The Issue.  Most people confuse personalities with issues, the conflict is not dealt with early on, and that most people do not stay to the facts when addressing the conflict.

Avoid addressing the personality and stay focused on the issue. “Sally didn’t put more copy paper in the copier, she’s stupid.” The fact is she failed to refill the copier. When personality comes into the framework of conflict it breeds more conflict. It will force the person to get defensive and justify they are “right” or “should” or disregard the actual offense.

FOCUS ON THE ISSUE!

Deal with the situation, immediately. Avoid letting the irritation or conflict build and build until you finally explode! Be sure to take the person aside, privately. Ask for a specific time and location to meet and indicate what you want to address, collect all the FACTS, and be prepared to control the meeting.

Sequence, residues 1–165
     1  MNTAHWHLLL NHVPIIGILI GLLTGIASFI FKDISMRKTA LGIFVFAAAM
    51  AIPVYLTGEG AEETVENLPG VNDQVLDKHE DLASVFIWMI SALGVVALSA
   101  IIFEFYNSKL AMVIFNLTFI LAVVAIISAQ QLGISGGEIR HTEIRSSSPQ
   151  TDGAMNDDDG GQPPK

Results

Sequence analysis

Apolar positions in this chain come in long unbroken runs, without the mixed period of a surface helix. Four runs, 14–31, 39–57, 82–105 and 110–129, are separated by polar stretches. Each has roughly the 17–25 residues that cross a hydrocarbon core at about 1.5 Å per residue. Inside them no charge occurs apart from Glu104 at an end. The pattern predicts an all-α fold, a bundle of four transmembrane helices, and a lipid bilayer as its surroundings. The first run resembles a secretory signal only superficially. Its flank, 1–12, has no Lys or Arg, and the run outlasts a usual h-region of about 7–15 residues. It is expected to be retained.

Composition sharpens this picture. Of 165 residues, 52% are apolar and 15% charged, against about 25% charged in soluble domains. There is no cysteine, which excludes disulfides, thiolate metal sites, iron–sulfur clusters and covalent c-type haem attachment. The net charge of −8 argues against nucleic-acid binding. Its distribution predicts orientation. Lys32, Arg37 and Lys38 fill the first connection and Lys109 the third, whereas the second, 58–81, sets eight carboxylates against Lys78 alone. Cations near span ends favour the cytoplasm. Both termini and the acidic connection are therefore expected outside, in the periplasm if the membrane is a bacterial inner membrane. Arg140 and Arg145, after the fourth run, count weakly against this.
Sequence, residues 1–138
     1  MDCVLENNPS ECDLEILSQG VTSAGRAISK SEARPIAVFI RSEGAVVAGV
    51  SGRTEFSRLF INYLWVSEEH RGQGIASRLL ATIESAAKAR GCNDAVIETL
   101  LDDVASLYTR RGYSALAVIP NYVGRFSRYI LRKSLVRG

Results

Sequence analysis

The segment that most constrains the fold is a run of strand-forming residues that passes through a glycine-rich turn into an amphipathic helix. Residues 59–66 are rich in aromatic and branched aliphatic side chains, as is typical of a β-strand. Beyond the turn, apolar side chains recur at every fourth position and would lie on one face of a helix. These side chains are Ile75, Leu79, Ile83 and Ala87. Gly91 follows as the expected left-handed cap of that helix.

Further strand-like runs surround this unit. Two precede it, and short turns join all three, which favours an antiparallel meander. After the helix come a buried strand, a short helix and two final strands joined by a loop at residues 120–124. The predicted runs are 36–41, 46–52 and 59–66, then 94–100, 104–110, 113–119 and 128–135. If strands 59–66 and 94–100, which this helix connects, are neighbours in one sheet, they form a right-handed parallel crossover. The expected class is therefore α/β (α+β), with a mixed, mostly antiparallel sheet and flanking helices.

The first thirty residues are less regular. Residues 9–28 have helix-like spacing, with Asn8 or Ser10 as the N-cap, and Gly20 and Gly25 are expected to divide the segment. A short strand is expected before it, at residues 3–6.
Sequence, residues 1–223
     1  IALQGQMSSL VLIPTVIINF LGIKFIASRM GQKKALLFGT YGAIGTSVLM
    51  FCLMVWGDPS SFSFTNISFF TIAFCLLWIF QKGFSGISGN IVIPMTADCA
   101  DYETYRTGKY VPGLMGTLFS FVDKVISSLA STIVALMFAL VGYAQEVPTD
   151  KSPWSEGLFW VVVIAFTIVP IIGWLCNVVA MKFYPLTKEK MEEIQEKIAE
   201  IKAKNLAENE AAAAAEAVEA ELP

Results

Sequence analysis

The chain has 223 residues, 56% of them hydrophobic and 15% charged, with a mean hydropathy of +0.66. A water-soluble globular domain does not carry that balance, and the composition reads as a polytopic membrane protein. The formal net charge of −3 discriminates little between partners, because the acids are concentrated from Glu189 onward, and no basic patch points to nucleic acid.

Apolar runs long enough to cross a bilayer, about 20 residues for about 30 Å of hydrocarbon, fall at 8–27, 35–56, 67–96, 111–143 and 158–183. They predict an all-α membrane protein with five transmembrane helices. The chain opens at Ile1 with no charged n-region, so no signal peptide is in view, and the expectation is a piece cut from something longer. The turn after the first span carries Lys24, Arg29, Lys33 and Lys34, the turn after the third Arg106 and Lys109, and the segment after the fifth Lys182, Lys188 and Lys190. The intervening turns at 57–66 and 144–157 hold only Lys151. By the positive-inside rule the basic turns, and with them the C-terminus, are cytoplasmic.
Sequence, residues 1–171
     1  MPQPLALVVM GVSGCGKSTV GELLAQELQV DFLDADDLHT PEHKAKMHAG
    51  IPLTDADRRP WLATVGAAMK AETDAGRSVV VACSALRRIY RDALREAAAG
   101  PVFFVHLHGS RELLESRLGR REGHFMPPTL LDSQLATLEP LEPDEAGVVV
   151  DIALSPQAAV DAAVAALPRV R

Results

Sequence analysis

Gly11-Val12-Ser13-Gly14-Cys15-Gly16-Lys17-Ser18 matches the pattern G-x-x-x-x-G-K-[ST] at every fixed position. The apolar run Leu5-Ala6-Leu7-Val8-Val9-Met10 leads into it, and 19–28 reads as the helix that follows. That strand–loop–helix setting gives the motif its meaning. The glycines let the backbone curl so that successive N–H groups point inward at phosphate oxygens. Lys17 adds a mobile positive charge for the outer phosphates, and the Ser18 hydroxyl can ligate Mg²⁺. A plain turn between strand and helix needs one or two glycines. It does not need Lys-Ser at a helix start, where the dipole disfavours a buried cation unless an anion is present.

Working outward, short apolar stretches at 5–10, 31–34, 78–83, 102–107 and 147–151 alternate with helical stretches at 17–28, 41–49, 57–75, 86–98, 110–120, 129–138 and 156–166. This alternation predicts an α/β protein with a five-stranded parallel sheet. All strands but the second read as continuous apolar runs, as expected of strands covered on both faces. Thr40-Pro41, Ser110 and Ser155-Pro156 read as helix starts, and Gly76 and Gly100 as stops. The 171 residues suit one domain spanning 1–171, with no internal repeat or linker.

The biggest failure in addressing conflict is the ability to stay with the facts versus opinions: 

Step 1: State the facts of the situation. (“insert name of person, I went to use the copier, and I noticed you were the last person to make copies, and the copy paper tray was empty.”)

Step 2: State the impact it had on you and only you, not everyone in the office. Avoid generalities. (“When copy paper is not in the machine it disrupts my productivity and is frustrating.”)

Step 3: Respect their decision. ( “insert name of person, I can appreciate you are busy and may have overlooked using the last of the copy paper.”)

Step 4: Request an action. (“However, in the future would you please double check the supply before leaving the copy machine?”)